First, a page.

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TSP Talk Weekly Wrap-Up – Breakout

I may not be able to post here anymore. This editor is just impossible to work with. I hope you can read it because it won’t let me change the font…

The breakout

The S&P 500 started the week bumping up against the November high, and after testing that resistance level for a few days as the tax cut compromise discussions in Washington played out, we finally saw a breakout to new highs. This could be a good sign for the coming weeks.

For the TSP, it was another good week for the stock funds: The C-fund gained 1.32%, the S-fund was up 1.71%, and the I-fund added 0.37%, lagging after a 1-week bounce in the dollar. Bonds (F-fund) fell 0.85%, and the G-fund added 0.05%.

For the month of December, the C-fund is now up 5.13%, the S-fund has gained 5.76%, and the I-fund still leads at +5.80%. The F-fund is now down 1.52% in December as bond yields rose sharply, and the G-fund is up 0.02%.

Last week we said, “The next test is for [the S&P 500] to make a new high – a close above line [A]. While I do have some concerns, I am encouraged because the market leader, Dow Transportation Index, has already done so.”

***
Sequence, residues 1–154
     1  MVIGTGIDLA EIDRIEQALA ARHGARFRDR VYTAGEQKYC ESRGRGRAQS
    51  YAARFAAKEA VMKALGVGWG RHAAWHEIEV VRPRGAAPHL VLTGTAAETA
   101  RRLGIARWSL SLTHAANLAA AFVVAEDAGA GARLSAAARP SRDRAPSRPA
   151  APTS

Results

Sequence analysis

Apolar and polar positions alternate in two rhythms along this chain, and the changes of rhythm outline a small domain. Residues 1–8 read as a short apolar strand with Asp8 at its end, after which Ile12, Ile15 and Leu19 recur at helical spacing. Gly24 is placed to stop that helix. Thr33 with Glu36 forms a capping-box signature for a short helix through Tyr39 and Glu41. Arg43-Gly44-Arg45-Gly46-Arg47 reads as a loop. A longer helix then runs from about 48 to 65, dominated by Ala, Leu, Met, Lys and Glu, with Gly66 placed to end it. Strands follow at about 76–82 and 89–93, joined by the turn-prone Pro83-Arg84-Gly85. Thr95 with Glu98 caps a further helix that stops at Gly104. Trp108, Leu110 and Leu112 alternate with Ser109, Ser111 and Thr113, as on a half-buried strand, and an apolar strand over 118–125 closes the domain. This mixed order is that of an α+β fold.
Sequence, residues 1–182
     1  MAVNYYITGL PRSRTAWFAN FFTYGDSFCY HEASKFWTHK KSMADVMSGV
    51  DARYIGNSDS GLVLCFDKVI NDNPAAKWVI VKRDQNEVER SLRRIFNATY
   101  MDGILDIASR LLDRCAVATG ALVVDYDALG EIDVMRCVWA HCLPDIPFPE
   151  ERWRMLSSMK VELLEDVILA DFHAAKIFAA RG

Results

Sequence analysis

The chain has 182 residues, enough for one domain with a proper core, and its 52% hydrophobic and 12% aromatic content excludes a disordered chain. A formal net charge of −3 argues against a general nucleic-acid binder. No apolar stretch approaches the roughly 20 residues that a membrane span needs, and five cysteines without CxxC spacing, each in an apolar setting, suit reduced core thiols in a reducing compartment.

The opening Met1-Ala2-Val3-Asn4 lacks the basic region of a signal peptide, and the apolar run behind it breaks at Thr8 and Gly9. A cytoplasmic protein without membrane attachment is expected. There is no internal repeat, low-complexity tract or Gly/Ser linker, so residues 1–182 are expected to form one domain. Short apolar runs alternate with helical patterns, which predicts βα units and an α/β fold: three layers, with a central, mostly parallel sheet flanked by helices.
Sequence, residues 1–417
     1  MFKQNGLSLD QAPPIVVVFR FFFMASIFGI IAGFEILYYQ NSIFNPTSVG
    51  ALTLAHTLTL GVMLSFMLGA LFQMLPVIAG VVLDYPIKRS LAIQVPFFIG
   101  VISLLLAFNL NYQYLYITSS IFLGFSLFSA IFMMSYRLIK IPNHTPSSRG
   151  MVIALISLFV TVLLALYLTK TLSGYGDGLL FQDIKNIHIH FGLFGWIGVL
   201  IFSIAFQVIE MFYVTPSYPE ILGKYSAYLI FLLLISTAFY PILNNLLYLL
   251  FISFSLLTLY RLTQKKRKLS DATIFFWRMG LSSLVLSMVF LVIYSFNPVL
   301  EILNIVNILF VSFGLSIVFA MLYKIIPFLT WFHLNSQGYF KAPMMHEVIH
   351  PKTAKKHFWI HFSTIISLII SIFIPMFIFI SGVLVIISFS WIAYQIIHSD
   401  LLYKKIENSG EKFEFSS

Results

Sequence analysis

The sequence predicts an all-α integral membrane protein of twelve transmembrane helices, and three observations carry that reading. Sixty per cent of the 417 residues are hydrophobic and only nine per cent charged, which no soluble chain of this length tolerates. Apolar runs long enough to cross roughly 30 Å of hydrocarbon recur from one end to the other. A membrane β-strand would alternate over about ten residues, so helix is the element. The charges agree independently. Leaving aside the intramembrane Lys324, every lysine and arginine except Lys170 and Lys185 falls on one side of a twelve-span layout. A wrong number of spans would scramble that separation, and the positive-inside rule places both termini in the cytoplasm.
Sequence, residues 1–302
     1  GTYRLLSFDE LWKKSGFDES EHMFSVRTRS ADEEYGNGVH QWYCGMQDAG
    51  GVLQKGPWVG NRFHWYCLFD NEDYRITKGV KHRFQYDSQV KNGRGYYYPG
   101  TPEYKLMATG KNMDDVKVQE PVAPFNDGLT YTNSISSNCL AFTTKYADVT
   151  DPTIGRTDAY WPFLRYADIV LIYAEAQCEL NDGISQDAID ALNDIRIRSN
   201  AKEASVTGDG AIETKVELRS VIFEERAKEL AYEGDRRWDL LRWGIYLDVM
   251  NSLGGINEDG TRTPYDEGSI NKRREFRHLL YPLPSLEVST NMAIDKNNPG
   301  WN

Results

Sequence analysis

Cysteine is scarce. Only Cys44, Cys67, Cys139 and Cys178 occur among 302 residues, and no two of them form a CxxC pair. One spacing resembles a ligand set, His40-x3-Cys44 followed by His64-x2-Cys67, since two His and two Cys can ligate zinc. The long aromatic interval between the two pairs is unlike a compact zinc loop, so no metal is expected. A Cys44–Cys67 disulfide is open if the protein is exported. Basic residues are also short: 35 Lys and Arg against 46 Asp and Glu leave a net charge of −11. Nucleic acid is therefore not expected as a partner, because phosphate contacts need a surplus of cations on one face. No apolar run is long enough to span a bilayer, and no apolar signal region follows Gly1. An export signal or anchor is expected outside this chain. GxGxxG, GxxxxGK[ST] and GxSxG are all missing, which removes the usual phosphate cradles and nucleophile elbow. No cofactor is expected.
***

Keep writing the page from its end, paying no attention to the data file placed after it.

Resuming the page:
Chart provided courtesy of www.decisionpoint.com, analysis by TSP Talk

The S&P 500 has passed the test so far and has pushed above the November highs, just as the market leaders, Dow Transportation Index and Nasdaq have already done.

A longer-term view of the index shows that breakouts tend to bring in more buyers, and thus the upside continues. Of course the rallies don’t go on forever as we saw in April, but being a market timer and not buy and hold investor, I will cross that bridge when we get there, and hopefully the charts and indicators will give us the clues to get out.

Chart provided courtesy of www.decisionpoint.com, analysis by TSP Talk

The bond market and the F-fund have been rolling over lately. As we know, bond prices and the F-fund move in the opposite direction of bond yields, and bond yields have exploded recently. We’ve seen the yield of the 10-year T-Note move from about 2.3% in October, to 3.3% this past week.

As economic data improves, whether for the short-term or the long-term, we’d expect bond yields to continue to rise from their historically low levels, and this should have a negative impact on the F-fund. You may want to consider the G-fund as a safe haven, instead of the F-fund, if you prefer to keep some of your assets out of the stock funds.

Good luck, and thanks for reading. We will be back here next week with another TSP Wrap Up.

Tom Crowley


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